Title of Oral/Poster Presentation

Comparing Rates of Orderly Data Across Two Delay Discounting Tasks.

Presenter Information

Thomas ArgyleFollow

Class

Article

Graduation Year

2017

College

Emma Eccles Jones College of Education and Human Services

Department

Psychology Department

Faculty Mentor

Dr. Gregory Madden

Presentation Type

Poster Presentation

Abstract

Delay discounting refers to the devaluation of future outcomes, with the more distant a reward the more it is devalued. Delay discounting is typically measured in humans via questionnaires using hypothetical rewards. These questionnaires usually produce orderly data according to established criteria, but these tasks do create some amount of unorderly data; the latter is problematic because these data usually must be discarded. In a previous study in our lab, the extent to which three different delay discounting tasks produced orderly data was examined. One task produced significantly more unorderly data than the others; and the amount of unorderly data across the other tasks (a dynamic titrating-amount task and a simple dichotomous choice task) was undifferentiated. However, of the two undifferentiated tasks, there was a high rate of incorrect task completion for the dichotomous choice task. The purpose of the present experiment was to re-assess the latter two tasks for degree of unorderly data produced while attempting to rectify issues of participants incorrectly completing tasks. The results of this experiment will help establish which of the two tasks produces most orderly data.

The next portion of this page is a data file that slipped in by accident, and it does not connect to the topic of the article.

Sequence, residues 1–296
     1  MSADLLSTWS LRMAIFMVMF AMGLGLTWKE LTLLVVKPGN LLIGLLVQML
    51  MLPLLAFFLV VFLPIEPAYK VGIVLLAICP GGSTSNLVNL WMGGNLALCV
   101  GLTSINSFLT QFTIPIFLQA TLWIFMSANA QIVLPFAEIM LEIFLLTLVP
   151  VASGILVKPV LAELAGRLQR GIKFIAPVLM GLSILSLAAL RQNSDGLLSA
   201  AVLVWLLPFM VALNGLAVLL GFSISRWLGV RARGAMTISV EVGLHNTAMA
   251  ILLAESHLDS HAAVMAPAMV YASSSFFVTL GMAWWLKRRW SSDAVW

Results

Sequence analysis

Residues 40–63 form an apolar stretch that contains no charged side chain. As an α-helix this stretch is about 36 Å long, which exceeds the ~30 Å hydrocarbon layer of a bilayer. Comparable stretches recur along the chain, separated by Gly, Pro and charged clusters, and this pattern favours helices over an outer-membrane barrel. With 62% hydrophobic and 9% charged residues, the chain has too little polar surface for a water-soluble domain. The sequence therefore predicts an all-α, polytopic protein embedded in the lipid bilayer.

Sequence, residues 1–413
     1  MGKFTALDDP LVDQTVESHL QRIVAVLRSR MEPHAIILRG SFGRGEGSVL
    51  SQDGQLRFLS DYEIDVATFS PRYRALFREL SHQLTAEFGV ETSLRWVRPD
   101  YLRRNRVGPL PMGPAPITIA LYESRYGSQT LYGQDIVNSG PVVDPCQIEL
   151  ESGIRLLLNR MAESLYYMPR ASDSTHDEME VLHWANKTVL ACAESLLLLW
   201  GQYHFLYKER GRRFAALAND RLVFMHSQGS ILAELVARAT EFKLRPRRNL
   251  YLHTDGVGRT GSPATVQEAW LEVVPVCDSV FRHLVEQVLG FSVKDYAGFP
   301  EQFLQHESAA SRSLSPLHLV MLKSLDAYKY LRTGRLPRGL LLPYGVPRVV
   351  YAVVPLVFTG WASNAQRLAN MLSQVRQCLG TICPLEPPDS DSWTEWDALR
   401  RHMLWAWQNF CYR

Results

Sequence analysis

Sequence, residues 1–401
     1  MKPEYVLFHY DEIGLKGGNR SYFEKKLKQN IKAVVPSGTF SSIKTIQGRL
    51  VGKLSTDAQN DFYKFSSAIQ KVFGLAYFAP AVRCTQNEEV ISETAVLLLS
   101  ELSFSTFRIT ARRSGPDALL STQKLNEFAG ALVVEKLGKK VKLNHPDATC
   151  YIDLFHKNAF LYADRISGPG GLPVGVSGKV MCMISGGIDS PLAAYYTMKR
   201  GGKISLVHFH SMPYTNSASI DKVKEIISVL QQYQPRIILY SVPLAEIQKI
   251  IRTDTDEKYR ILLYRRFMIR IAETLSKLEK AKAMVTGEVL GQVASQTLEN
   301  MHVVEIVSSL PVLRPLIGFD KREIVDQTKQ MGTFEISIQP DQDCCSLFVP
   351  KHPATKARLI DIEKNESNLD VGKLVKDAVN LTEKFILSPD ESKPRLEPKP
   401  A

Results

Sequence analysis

Location

South Atrium

Start Date

4-13-2017 3:00 PM

End Date

4-13-2017 4:15 PM

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Apr 13th, 3:00 PM Apr 13th, 4:15 PM

Comparing Rates of Orderly Data Across Two Delay Discounting Tasks.

South Atrium

Delay discounting refers to the devaluation of future outcomes, with the more distant a reward the more it is devalued. Delay discounting is typically measured in humans via questionnaires using hypothetical rewards. These questionnaires usually produce orderly data according to established criteria, but these tasks do create some amount of unorderly data; the latter is problematic because these data usually must be discarded. In a previous study in our lab, the extent to which three different delay discounting tasks produced orderly data was examined. One task produced significantly more unorderly data than the others; and the amount of unorderly data across the other tasks (a dynamic titrating-amount task and a simple dichotomous choice task) was undifferentiated. However, of the two undifferentiated tasks, there was a high rate of incorrect task completion for the dichotomous choice task. The purpose of the present experiment was to re-assess the latter two tasks for degree of unorderly data produced while attempting to rectify issues of participants incorrectly completing tasks. The results of this experiment will help establish which of the two tasks produces most orderly data.